William Gray’s Pay Telephone (Apr, 1953)

William Gray’s Pay Telephone

By Alfred Lief

THE young wife of a machinist in Hartford, Conn., fell critically ill. The year was 1888. There were few telephones in town and William Gray had to call a doctor. He ran to a nearby factory and asked permission to use their phone. The manager said no; it was not for public use. But his pleading won consent, the doctor arrived in time and Mrs. Gray survived.

William Gray’s mind clicked with an idea. Pay telephones did not exist in those early years of Alexander Graham Bell’s invention. Gray saw a need. He proceeded to find a way.

His first thought was a box covering up the mouthpiece. On the principle of the slot machine, the box could slide open and

give the caller access to the telephone. But the telephone company officials who examined Gray’s device shook their heads. The thing was impractical. It let a person make any number of calls on one nickel. It did not permit a call to be made to another pay station unless the person called also deposited a coin to unlock that instrument. No means was provided for returning the coins if calls didn’t go through.

After tackling many theories Gray decided that the instrument should remain open. A user would reach the operator in the usual way, then deposit money as she directed. With each drop in the slot the caller would ring a bell. The only trouble with these signals was that the operator couldn’t hear them! One day in Gray’s workroom a coin slipped out of a helper’s hand and fell on a bell. Gray was startled. Then he saw his solution. The coin itself must give the signal. The bell must be placed in its path.

In 1891 the Gray Telephone Pay Station Company was formed with Amos Whitney of Pratt & Whitney as president and Gray as general superintendent. They manufactured the instruments and set them up on posts (like street-corner fire alarm boxes), in cabinets (resembling grandfather clocks) and as desks.

Today the pay station is commonplace— 945,000 of them in the United States. Indispensable? Worth everybody’s while? They take in more than 9,000,000 calls every day.

  1. William Deering says: January 1, 20099:59 am

    Now due to the advance of cell phone technology pay phones are becoming a thing of the past. It’s difficult to impossible to find a pay phone when you need it; left your cell phone at home. Next phase? Maybe a password or code exchange to apply payment as a good token of thanks into the account of a kind cell phone loaner in lieu of on-the-spot cash?

  2. Scott says: January 1, 200912:22 pm

    Since I intend to be the last person on the planet to carry a cell phone, I already miss the once ubiquitous pay phone.

    Now that I think about it, I wonder what’s happened to all of them. There must be thousands of them (in a landfill?)! Some enterprising person should have collected them, refurbished them and be selling them as novelty collectibles!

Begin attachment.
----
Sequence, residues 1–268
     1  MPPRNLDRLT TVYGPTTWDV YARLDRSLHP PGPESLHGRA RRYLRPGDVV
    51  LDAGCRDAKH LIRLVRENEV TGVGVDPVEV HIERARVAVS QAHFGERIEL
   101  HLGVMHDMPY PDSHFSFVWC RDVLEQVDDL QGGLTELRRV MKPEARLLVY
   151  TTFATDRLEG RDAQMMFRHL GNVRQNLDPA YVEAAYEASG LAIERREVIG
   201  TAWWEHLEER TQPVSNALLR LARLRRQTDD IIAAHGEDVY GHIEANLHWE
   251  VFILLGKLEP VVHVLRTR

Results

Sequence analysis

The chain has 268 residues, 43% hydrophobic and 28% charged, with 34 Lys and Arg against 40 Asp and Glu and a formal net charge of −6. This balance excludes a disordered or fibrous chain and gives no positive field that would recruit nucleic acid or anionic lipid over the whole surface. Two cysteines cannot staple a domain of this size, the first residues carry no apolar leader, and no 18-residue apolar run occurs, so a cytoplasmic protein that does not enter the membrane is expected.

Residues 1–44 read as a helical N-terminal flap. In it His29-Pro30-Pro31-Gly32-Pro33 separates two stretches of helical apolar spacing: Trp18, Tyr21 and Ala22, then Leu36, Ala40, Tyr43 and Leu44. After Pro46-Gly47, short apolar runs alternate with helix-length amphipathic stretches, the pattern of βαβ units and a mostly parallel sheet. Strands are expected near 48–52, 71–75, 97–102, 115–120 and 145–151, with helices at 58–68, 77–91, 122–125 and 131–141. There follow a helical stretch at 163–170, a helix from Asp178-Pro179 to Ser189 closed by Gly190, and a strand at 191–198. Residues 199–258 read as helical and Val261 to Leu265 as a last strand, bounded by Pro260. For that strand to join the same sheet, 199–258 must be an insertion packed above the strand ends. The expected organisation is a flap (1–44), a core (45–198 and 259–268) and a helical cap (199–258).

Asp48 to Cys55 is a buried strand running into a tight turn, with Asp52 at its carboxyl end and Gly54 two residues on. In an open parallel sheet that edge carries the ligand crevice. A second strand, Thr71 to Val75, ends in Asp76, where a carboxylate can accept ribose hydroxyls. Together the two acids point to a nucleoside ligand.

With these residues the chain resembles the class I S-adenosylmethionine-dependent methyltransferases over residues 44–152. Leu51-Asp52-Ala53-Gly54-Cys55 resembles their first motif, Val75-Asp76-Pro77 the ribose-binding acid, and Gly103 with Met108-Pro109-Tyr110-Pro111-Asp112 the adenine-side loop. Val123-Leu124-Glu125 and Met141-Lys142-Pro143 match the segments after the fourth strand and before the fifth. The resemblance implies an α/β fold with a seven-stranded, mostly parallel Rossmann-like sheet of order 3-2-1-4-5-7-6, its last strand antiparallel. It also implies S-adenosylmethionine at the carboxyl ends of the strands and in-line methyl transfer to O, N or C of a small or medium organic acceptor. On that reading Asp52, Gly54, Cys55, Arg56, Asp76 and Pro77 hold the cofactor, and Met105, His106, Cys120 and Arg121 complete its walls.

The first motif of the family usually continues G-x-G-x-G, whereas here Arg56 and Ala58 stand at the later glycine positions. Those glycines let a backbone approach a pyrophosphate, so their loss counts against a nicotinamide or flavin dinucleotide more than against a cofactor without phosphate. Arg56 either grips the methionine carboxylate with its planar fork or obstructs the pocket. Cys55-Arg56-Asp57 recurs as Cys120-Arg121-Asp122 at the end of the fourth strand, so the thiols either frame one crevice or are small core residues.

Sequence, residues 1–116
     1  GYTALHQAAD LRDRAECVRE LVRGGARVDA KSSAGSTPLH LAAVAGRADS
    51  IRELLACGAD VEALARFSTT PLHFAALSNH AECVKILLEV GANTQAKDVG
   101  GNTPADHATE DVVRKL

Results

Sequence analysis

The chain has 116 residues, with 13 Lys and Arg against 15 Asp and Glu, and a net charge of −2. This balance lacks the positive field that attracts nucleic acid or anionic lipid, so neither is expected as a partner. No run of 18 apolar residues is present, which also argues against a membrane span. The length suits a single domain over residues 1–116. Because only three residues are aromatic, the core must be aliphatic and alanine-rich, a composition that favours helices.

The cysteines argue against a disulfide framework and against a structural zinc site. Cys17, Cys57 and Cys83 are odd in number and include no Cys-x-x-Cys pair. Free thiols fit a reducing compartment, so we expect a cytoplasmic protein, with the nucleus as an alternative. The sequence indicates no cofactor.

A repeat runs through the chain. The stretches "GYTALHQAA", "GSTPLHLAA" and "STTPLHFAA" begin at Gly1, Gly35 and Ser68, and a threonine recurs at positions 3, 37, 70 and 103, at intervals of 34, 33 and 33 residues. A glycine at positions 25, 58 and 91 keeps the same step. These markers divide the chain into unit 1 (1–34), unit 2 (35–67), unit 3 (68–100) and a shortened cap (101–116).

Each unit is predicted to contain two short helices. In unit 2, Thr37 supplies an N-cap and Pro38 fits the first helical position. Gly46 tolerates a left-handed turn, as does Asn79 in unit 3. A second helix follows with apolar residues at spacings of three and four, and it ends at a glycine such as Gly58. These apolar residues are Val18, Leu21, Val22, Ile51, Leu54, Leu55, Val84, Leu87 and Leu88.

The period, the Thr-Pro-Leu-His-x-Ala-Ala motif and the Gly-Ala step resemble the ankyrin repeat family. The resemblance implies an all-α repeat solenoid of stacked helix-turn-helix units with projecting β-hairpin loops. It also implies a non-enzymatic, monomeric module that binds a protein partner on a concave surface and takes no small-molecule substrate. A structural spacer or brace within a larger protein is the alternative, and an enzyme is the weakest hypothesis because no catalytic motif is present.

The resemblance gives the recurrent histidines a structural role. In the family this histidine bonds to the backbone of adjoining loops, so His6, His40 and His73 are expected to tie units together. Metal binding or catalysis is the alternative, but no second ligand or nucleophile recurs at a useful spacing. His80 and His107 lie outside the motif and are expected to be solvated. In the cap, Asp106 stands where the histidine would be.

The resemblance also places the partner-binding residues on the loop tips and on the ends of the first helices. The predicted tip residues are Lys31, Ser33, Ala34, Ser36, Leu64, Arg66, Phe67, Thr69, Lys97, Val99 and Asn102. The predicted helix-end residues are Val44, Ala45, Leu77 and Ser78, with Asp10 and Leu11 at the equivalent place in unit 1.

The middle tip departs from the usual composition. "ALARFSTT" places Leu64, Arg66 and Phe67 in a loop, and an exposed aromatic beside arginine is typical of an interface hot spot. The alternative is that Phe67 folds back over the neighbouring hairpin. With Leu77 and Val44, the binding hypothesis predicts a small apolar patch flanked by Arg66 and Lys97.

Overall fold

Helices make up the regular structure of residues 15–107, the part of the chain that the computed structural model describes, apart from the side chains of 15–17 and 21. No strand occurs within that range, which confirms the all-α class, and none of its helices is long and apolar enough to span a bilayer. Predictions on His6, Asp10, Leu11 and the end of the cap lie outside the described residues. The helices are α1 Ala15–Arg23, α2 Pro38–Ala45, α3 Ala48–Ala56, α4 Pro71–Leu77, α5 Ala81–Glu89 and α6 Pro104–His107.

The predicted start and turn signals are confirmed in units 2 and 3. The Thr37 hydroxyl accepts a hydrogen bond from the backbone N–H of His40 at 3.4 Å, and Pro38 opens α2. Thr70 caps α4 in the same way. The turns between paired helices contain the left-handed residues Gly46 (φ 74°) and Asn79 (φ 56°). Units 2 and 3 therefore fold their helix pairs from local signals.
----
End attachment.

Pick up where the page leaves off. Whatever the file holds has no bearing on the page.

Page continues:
3. George says: January 1, 20094:10 pm

    I suppose it’s too late to write to the author, but why could the operator hear the coin operated bells, but not the caller rung bells?

    Scott, I was in Japan in 2003 and while everybody had cell phones, there were also pay phones about every half block. I wonder why.

  4. hwertz says: January 1, 20097:34 pm

    “Scott, I was in Japan in 2003 and while everybody had cell phones, there were also pay phones about every half block. I wonder why.”
    I know you weren’t asking me, but…
    1) That was 2003. There were a lot more pay phones left in the US 5 years ago than now too.

    2) Sunk costs? I actually am surprised at how many pay phones have gone.. I would expect once they are installed they would not cost much to keep going. If the usage decreases, you could send someone by that much less frequently to empty the coin box. The pay phone companies here seemed to literally race each other to remove phones, one day there’d be a phone with sometimes even a second person waiting for the first person to finish on the phone… next day,no phone, just an unpainted bit of wall with holes in it, and people asking the manager if they can use the phone, told “no”, then looking around for someone with a cell phone.

  5. Absolutejagauar says: January 4, 20097:27 am

    I used to pass a graveyard of old red phone boxes, the classic British design and always thought about buying one for the corner of the garden (When I finally get my own house). For those that are interested it is on the London to Brighton line around Redhill.
    As for maintenance, I think thye cost a lot to maintain, they were often vandalised in the UK, for the money or just to break the glass. The introduction of pre-paid phone cards didn’t help much even tho the phones no longer carried much money.

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